NATIONAL BUREAU OF ECONOMIC RESEARCH
NATIONAL BUREAU OF ECONOMIC RESEARCH
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Gabriel Ehrlich

Department of Economics
University of Michigan
611 Tappan St
Ann Arbor, MI 48109-1220

E-Mail: EmailAddress: hidden: you can email any NBER-related person as first underscore last at nber dot org
Institutional Affiliation: University of Michigan

NBER Working Papers and Publications

January 2019Minding Your Ps and Qs: Going from Micro to Macro in Measuring Prices and Quantities
with John C. Haltiwanger, Ron S. Jarmin, David Johnson, Matthew D. Shapiro: w25465
Key macro indicators such as output, productivity, and inflation are based on a complex system across multiple statistical agencies using different samples and different levels of aggregation. The Census Bureau collects nominal sales, the Bureau of Labor Statistics collects prices, and the Bureau of Economic Analysis constructs nominal and real GDP using these data and other sources. The price and quantity data are integrated at a high level of aggregation. This paper explores alternative methods for re-engineering key national output and price indices using item-level data. Such re-engineering offers the promise of greatly improved key economic indicators along many dimensions.
November 2016Housing Demand, Cost-of-Living Inequality, and the Affordability Crisis
with David Albouy, Yingyi Liu: w22816
Since 1970, housing's relative price, share of expenditure, and ``unaffordability'' have all grown. We estimate housing demand using a novel compensated framework over space and an uncompensated framework over time. Our specifications pass tests imposed by rationality and household mobility. Housing demand is income and price inelastic, and appears to fall with household size. We provide a numerical non-homothetic constant elasticity of substitution utility function for improved quantitative modeling. An ideal cost-of-living index demonstrates that the poor have been disproportionately impacted by rising relative rents, which have greatly amplified increases in real income inequality.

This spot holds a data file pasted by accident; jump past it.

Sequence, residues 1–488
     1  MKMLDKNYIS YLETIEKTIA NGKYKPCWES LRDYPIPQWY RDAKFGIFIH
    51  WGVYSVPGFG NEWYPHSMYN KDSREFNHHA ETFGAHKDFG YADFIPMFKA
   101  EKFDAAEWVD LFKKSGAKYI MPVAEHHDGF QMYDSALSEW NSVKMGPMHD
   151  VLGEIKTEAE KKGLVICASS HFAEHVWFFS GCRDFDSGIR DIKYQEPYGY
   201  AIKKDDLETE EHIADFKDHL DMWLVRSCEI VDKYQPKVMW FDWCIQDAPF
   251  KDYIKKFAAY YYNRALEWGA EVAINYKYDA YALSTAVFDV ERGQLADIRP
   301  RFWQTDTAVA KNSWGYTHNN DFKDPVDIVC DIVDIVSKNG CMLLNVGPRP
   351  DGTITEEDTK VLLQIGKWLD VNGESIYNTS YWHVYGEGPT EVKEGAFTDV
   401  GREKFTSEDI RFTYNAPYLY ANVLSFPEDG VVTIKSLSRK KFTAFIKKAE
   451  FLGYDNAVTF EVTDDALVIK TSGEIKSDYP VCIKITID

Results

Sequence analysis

May 2012Housing Productivity and the Social Cost of Land-Use Restrictions
with David Albouy: w18110
We use metro-level variation in land and structural input prices to test and estimate a housing cost function with differences in local housing productivity. Both OLS and IV estimates imply that stringent regulatory and geographic restrictions substantially increase housing prices relative to land and construction input costs. The typical cost share of land is one-third, and substitution between inputs is inelastic. A disaggregated analysis of regulations finds state-level restrictions are costlier than local ones and provides a Regulatory Cost Index (RCI). Housing productivity falls with city population. Typical land-use restrictions impose costs that appear to exceed quality-of-life benefits, reducing welfare on net.

Published: David Albouy & Gabriel Ehrlich, 2018. "Housing Productivity and the Social Cost of Land-Use Restrictions," Journal of Urban Economics, . citation courtesy of

 
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